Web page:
For folks whose lives are perfectly matched to Google's mold, Android is the ultimate enabler for the mobile lifestyle. Suddenly, attending a boring event such as a wedding for people you barely know has become free time to check on fellow "Team Jacob" fans through e-mail, calendar items, and Google Maps. However, though the Android OS has default connections to most of Google's main offerings, it doesn't cover Documents. One can see why: Plenty of app developers have tried with little success, and GDocs only adds to the quagmire.
It isn't an ambitious app, nor does it intend to be. The index presents files as a singular list, but you can sort them via folders as well as by date and title. Search scans only titles, rather than entire files. For documents, you're limited to Android's text input, writing as you would normal text messages--with no styles, no text sizes, and no frills.
The rest of the applications default to Android's Web browser, sometimes asking you to log in again though Google, and often leaving files open after you close out of GDocs. Presentations are viewable but not editable. Editing a cell in a spreadsheet is akin to filling out a Web form. Anything outside of a document, spreadsheet, or presentation loads as a blank document.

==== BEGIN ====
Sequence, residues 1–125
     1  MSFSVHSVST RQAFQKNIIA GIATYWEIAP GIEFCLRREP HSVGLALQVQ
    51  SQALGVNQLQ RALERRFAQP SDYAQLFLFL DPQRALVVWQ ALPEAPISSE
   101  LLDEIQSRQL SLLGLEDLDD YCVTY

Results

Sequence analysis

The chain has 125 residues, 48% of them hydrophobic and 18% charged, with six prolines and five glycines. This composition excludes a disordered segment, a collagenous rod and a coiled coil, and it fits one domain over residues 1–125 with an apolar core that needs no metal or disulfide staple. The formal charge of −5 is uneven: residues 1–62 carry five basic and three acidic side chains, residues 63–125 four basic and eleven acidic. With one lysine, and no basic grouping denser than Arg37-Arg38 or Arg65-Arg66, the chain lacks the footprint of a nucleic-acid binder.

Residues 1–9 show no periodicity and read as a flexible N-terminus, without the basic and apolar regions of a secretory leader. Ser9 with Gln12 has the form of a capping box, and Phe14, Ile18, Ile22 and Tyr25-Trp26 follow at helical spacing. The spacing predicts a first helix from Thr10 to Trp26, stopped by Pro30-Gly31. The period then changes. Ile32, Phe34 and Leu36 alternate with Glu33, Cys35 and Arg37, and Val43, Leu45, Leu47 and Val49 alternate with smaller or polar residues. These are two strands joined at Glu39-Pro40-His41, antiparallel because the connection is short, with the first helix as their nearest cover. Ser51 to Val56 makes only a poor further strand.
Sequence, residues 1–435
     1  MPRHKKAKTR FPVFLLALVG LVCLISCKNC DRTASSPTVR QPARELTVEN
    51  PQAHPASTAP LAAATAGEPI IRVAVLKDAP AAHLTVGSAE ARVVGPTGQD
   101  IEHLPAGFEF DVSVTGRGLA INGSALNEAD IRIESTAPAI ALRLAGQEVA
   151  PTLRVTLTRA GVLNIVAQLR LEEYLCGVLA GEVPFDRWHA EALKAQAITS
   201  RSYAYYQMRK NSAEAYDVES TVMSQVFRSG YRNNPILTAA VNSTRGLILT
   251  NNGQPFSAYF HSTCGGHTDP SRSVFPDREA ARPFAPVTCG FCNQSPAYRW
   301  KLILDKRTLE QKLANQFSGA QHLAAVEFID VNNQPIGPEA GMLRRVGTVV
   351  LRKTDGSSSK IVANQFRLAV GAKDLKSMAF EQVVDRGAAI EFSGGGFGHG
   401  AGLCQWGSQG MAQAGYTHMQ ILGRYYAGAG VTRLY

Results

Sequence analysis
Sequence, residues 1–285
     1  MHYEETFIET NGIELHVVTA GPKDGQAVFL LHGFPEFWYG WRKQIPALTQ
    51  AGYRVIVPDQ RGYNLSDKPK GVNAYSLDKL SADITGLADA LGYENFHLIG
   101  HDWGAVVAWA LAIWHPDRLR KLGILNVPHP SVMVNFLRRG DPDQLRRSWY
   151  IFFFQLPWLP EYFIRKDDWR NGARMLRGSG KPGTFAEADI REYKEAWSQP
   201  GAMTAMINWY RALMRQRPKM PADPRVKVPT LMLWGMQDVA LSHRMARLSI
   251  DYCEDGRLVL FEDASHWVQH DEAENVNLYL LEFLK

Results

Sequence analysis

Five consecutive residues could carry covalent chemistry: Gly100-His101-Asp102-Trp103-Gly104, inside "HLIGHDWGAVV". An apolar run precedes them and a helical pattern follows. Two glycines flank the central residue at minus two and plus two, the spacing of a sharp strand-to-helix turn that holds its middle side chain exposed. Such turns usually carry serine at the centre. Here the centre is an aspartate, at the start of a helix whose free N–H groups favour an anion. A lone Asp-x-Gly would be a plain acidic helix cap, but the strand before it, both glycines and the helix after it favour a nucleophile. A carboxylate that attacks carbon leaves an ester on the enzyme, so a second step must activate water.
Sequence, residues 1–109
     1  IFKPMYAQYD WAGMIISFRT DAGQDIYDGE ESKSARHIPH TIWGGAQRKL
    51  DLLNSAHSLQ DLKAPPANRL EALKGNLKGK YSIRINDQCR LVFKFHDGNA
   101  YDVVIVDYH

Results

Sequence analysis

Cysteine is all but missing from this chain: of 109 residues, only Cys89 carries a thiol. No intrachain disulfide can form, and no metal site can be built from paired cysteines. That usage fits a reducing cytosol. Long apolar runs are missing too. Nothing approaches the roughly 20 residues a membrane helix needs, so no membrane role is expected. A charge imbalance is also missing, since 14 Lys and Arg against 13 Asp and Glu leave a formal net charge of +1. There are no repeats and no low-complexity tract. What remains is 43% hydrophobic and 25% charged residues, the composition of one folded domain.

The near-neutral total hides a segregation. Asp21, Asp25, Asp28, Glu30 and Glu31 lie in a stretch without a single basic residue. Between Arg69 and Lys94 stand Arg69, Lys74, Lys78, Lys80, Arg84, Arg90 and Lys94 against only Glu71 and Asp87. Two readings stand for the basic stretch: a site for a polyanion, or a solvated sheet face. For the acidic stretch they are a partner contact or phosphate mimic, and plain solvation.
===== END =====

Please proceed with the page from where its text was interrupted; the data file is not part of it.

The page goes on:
Obviously, no one plans to write the Great American Novel on their phone, tapping it out letter by letter--even with Swype technology. Editing is still an arduous task, as Android's text input is built to type things like "Where R U?" to friends, rather than rearranging a paragraph.
Fortunately, in version 0.8.13 the developer WildArt fixed the broken-upload issue that rendered version 0.8.12 nearly useless.
GDocs is most effective as a simple viewer and an even more basic editor. Perhaps it is somewhat useful for making a grocery list and ticking off progress, jotting down impulsive ideas you'll never reference again, or writing very concise stories. For anything extensive, you should haul a laptop along.